Trust between both parties. Having it all down in black and white, with how income and costs are to be split is vital. It may seem too prescriptive at the start but it stops any potential for disagreements in the future.
The last share farming agreement we were involved in was out to tender and the terms would not work so we met face-to-face. We negotiated and arranged a workable deal. It was an open, honest meeting and both parties compromised to make it work.
Maintaining full transparency about all income and expenses to all parties makes the arrangement simple and allows the share farming agreement to work.
They exist in many sectors. They can be more straightforward in the arable sector – because you are never quite sure how much labour you are going to provide for livestock farming – but for an arable crop you know roughly what the annual operating costs will be.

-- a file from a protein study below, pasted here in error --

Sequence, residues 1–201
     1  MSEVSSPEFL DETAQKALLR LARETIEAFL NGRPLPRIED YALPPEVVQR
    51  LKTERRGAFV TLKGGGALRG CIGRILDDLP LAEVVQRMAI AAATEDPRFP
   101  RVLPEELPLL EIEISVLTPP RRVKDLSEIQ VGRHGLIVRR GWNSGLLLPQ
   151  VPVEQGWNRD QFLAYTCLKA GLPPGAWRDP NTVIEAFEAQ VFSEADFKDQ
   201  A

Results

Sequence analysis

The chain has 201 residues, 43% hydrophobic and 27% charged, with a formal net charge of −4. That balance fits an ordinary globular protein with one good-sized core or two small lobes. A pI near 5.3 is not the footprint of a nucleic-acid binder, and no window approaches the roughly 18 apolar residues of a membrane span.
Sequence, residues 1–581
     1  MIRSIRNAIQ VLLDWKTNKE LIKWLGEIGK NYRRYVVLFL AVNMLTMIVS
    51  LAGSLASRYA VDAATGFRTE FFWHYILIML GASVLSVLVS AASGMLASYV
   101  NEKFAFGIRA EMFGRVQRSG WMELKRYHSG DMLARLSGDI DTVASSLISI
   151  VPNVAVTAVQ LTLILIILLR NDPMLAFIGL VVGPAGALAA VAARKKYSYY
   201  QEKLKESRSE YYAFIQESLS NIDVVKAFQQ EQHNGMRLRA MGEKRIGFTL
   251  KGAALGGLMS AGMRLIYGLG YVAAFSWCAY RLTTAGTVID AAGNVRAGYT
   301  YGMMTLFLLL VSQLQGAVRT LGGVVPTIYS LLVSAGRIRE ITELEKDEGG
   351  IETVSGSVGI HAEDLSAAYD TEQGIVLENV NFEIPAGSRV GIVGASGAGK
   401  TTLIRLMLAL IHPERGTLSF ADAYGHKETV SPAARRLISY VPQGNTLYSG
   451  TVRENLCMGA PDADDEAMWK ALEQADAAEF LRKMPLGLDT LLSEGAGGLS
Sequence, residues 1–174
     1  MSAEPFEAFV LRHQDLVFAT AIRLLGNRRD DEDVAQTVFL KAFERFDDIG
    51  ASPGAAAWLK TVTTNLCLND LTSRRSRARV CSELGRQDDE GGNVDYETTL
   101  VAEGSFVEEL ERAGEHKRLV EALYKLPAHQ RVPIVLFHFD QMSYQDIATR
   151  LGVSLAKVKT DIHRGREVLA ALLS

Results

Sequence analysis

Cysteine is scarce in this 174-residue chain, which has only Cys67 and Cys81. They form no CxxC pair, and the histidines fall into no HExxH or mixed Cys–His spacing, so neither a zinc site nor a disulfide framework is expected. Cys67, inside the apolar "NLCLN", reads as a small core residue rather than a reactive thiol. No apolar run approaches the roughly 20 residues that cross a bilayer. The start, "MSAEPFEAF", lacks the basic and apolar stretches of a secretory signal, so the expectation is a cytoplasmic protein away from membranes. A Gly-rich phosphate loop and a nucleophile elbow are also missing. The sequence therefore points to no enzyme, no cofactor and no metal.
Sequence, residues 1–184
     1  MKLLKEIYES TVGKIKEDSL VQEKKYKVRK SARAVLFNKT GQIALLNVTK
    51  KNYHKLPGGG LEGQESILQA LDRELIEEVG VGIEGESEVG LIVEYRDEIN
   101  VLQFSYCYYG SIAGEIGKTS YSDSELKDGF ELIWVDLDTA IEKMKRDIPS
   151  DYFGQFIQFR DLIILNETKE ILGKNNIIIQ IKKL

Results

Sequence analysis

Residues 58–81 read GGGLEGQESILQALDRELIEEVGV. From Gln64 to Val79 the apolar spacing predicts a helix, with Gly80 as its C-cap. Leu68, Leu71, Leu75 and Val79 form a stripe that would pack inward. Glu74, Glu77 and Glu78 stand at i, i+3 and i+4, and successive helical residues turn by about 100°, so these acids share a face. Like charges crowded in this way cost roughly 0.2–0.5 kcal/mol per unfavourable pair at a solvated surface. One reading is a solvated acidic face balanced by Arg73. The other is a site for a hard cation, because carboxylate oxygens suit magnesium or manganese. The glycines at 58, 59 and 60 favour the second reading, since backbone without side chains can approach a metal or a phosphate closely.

It needs to be clearly stated how either party is going to give notice or end the agreement. This is quite critical – you need a method for how it will be unwound.
Both parties bring their own contributions to a share farming agreement, and these should be clearly defined from the start.
Typically, these are:
It allows a retiring farmer to reduce their time spent working within the business without diminishing their interest and status as a farmer.
It allows a young farmer with little capital to become an active farmer and build up equity and profit without purchasing land.